ITER

The following notice was sellotaped on the hot water dispenser in the office’s pantry area: “Energy conservation measure: This water boiler will now be switched off overnight and at weekends.”

I don’t know how come I didn’t notice that before but this time around it really did strike me as rather peculiar. Surely we don’t need an energy conservation measure. If there’s one thing we don’t have to worry about, at all, ever, is whether energy is going to be conserved or not. Energy conservation is the most fundamental principle there can be. The whole existence, evolution and end of the universe depends on the principle of conservation of energy, This principle, which states that energy can neither be created nor destroyed, implies that the amount of energy will always remain the same. The only thing that changes is the type or form of energy. This basic principle governs absolutely everything there is. We have no say – and far less any control – in this principle. Why should it be like this? We don’t know. It just is. It’s a characteristic of our universe.

What the notice should have referred to instead is energy-saving or how to avoid wasting energy. That we have some control over. We can choose to reduce energy wastage by redirecting how some of the unused energy is consumed. But the overall amount of energy being circulated will not change. It will simply be redistributed to some other system whether in the form of heat, light, sound, etc.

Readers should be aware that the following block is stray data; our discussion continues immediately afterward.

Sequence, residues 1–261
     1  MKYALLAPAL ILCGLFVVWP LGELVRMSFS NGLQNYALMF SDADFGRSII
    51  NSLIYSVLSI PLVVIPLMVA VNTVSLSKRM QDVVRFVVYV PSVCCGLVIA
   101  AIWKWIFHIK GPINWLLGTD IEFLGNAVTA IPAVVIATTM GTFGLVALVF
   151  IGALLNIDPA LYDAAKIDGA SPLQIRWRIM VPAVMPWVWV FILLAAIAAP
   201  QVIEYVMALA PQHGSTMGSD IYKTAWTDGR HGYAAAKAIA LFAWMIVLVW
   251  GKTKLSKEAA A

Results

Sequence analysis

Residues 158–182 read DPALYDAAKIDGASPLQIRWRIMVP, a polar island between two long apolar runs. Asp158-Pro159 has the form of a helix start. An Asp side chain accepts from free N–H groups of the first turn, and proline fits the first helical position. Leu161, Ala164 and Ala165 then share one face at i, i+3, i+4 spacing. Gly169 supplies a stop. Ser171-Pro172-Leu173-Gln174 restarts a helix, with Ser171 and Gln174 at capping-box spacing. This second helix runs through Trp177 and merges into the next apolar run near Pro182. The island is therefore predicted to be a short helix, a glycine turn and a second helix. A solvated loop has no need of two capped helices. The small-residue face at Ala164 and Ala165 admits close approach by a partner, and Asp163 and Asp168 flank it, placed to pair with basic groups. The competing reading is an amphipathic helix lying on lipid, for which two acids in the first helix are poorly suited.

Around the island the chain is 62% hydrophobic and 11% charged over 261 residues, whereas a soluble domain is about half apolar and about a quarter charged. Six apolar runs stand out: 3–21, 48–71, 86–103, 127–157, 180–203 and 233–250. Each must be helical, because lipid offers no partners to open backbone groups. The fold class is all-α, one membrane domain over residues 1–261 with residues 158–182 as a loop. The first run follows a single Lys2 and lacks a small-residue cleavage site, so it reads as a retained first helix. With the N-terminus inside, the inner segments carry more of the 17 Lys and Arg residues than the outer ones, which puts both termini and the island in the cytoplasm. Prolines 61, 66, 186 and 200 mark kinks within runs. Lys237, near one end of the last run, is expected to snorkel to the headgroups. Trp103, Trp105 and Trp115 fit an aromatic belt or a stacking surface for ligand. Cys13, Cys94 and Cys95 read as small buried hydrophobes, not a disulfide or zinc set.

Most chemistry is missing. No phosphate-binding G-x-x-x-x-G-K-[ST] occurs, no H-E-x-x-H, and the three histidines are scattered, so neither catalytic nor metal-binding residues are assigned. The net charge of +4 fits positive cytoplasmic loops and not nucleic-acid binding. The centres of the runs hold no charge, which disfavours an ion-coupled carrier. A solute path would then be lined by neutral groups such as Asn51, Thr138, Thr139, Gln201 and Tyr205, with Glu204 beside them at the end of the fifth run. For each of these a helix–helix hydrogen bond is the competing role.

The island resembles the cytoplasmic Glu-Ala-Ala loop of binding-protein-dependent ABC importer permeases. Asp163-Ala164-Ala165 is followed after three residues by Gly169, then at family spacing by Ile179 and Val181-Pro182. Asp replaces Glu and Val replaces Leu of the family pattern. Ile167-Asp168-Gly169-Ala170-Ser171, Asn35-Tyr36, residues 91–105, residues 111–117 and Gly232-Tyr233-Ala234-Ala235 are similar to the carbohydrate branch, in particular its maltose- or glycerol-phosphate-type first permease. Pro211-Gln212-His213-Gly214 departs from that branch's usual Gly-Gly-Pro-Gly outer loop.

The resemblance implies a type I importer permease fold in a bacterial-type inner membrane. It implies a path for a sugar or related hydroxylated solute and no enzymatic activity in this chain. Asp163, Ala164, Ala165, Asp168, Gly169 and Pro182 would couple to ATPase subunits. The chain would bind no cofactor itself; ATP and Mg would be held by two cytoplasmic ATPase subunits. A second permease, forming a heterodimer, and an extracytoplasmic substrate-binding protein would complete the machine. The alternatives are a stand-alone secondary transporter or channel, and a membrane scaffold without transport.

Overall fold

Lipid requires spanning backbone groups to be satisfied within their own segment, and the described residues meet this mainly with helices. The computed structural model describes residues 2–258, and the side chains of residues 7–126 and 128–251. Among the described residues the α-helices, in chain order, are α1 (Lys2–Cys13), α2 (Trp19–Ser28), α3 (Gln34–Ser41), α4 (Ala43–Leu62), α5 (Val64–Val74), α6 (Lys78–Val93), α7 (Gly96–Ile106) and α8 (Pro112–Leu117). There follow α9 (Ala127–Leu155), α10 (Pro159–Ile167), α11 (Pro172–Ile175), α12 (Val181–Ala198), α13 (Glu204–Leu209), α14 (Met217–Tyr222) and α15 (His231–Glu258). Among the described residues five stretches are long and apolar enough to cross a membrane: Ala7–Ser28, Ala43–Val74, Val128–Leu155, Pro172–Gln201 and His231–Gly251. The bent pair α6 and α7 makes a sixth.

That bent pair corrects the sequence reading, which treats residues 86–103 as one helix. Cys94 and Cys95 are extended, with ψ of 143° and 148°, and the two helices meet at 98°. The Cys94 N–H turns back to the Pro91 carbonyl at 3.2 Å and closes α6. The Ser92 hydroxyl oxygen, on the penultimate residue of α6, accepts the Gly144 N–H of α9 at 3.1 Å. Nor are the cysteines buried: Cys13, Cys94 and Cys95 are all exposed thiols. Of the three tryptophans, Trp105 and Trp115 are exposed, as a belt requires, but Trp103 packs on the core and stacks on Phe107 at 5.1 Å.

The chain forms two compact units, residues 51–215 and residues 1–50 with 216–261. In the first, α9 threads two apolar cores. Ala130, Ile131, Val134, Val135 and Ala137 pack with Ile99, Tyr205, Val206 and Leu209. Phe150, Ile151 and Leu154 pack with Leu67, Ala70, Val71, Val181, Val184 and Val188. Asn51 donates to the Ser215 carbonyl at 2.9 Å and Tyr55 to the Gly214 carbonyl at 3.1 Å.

In the case of the hot water dispenser, the boiler will be switched off. This means that the electrical energy which would have otherwise been used to heat the boiler would be redirected somewhere else or not be consumed at all. In any case, there would have been conservation of energy. Also, what we consider as ‘waste’ energy might be useful in other systems or circumstances. What we need, therefore, is a clever way to manage energy.

The Tokamak: the heart of the ITER project © ITER organisation

The Tokamak: the heart of the ITER project © ITER organisation

One example of how we can better manage our energy consumption is to look at how we source the energy in the first place and, consequently, how efficient we are in getting the most out of the energy source. The ITER project is looking into harnessing energy from nuclear fusion: the same process which takes place inside the Sun! In effect, we would be replicating what goes on inside the Sun by fusing or binding atomic nuclei together to release a tremendous amount of energy. Currently, nuclear power plants harness energy from nuclear fission. This is the opposite of the nuclear fusion process but less efficient. In nuclear fission, we split atomic nuclei to release some of the energy contained therein. It is also the case that, when atomic nuclei are smashed together, they fuse and release a lot more energy. This is what the ITER project is essentially about. Now imagine the benefit of such an endeavour: an almost limitless supply of energy. To find out more about this amazing project please see there website here: ITER.

I long for the day when we would stop consuming energy sourced from dead organic material or fossils and use the near endless supply of either solar or nuclear energy. Until then, please be mindful about energy consumption but don’t worry about its conservation…

Advertisements

2 thoughts on “ITER

  1. Pingback: Boston Commons High Tech Network | Star Power: Nuclear Fusion & The ITER Project

  2. Pingback: Induction | electrolights

Leave a Reply

Fill in your details below or click an icon to log in:

WordPress.com Logo

You are commenting using your WordPress.com account. Log Out / Change )

Twitter picture

You are commenting using your Twitter account. Log Out / Change )

Facebook photo

You are commenting using your Facebook account. Log Out / Change )

Google+ photo

You are commenting using your Google+ account. Log Out / Change )

Connecting to %s